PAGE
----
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Load-Bearing Problems

Updated: Nov 30, 2022

CW: this post discusses loosely described physical and emotional abuse, trauma activated memory loss, self harm, smoking


Have you ever been in a session with a therapist or talking a mental health thing out with a friend, and you encounter this... Thing... In you. An anxiety, or a fear, or some self framing, or some coping mechanism, something, and touching on it makes you feel shallow and wobbly, and like confronting it might make you shut down? I certainly have, and I imagine at least some of you have too. I like how this comic that's been making the rounds frames those uncomfortable anxieties as load-bearing anxieties. It's not the first example of describing a mental health thing as load bearing, but it's one that's catching some wind now. Let's talk about it.


A comic by CrustaceanSingles.com featuring a non-descript person speaking with their bearded therapist. The person says, "Actually I'd rather leave that Anxiety alone... I think it might be load-bearing."
Comic by http://crustaceanSingles.com

I don't know about you, but I have a boat load of trauma, and a lot of my load bearing madness* comes from that. They're things that formed in me in response to harms, ostensibly to help me survive or keep me safe. There are plenty of those that aren't load bearing in me, still inconvenient, but sometimes I've come across something that is too tender, holding up too much, that poking at them isn't super safe. 


For example (I'll gloss the details), I was talking with my therapist about this Event from my childhood that left some scars on me. Yelling, hitting, stuff like that. It felt cool to finally talk about it and we made a plan to dig into it, but after I left the session I felt shaky. And I only got more shaky the next day. And the next. I talked with my brother about it, because he was there and maybe his perspective could help. He pointed out a lot of points in my remembering of events that I had clearly spackled over, and in doing so showed me how underneath that I'd clearly put up some intense reinforcements under that, to cope. For the next several days I was a wreck. Couldn't do anything. 


I got to my next therapy session already anxious about the topic, and my therapist and I both agreed that, like, we need a different plan. We focused on other things instead, so that that part of me could settle. I decided that if I was ever going to dig out that rot, I'd need to build supports around it first. Real, helpful, solid supports, not just the patch job that me-at-the-time put up to keep me from falling apart (thank you, Past Me, for doing that though). I'm still working on that. Might be for a long time. I still need to step away from it sometimes, too, because it's big work, and sometimes it can leave things shaky, but it's something I want to do so I keep coming back to it.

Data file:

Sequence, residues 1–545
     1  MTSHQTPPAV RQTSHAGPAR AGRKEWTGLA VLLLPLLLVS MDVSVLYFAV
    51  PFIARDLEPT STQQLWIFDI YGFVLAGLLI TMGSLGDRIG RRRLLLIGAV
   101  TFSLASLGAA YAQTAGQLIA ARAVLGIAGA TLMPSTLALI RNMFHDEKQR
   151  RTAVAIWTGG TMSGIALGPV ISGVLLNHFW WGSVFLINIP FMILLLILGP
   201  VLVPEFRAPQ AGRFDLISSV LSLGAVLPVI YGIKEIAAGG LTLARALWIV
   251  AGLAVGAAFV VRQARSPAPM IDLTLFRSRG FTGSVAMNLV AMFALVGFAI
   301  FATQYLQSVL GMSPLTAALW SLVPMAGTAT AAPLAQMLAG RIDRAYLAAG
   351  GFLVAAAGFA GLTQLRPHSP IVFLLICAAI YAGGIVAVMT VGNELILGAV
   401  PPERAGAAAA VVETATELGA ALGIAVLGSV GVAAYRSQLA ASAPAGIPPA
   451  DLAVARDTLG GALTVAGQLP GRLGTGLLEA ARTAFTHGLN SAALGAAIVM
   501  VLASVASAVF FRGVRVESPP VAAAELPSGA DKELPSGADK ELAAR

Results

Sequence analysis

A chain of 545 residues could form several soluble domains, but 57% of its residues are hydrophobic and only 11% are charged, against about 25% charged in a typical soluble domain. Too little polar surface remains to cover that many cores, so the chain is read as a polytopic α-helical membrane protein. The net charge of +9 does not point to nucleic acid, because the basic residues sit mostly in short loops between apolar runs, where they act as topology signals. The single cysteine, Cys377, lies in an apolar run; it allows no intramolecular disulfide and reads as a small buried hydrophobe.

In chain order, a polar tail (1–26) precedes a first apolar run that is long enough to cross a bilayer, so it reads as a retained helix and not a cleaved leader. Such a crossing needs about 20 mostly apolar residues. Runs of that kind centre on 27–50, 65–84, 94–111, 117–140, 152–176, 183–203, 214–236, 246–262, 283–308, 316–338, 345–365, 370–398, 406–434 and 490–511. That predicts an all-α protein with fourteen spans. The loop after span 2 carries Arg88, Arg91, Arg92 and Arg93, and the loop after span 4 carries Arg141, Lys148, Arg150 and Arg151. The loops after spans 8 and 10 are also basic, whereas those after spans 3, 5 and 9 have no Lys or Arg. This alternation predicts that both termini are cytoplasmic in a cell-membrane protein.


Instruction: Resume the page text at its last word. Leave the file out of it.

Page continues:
Sometimes building supports can look like healthy relationships in your life. Sometimes it's learning new coping mechanisms when you can. If you have self-harmful coping mechanisms and habits, sometimes they're so structural that harm-reduction is more important that replacing them. For example, when I got a bad concussion, I started smoking. A few puffs now and then, because the nicotine helped with the brain fog. Eventually it was a full blown habit, for brain fog and other things. Eventually, it helped to replace even one cigarette a day with a stick of gum; the smoking was too structural to just cut out, but building something else made things in me just a little stronger.


If you're seeing a therapist, or in some peer support group, or talking to a spiritual advisor about the struggles in you, I'm sure you already know that it isn't some magical process that takes the problems you're having and outputs happiness and contentment into your life. They can't take your madness and transmute it into clarity. They can help you make sense of things, to build happiness and clarity, to build it reinforce supports in your life. 


If you hit on one of those very structural anxieties, coping mechanisms, beliefs, or else, that's okay. It may suck, or hurt, to brush up against, but even knowing it's there is a very cool thing to have. Acknowledging these things is huge, important work, even if we never take that work further. If you take even the smallest baby steps to build new supports, that's also amazing. This is hard work and it's not for everyone. If it's work you want to do, do it, and do it at a pace that leaves you safe. You've got this. 


Note: 


*On "madness": I don't love talking about mental illness as a thing, in the terms of illness. I do talk about in those terms, because that's what people tend to understand, but it's not the framing I like. Instead I prefer the terms "mad" and "madness", loaded as they can be, and work to reclaim them as terms for myself. Talking about illness frames it as a Wrong Thing, and while my madness can be disabling, and further that society can disable me via lack of accommodation for my madness, I consider it a piece of me for better or worse. I can find both strength and despair in my madness, while I only find pathology in illness.



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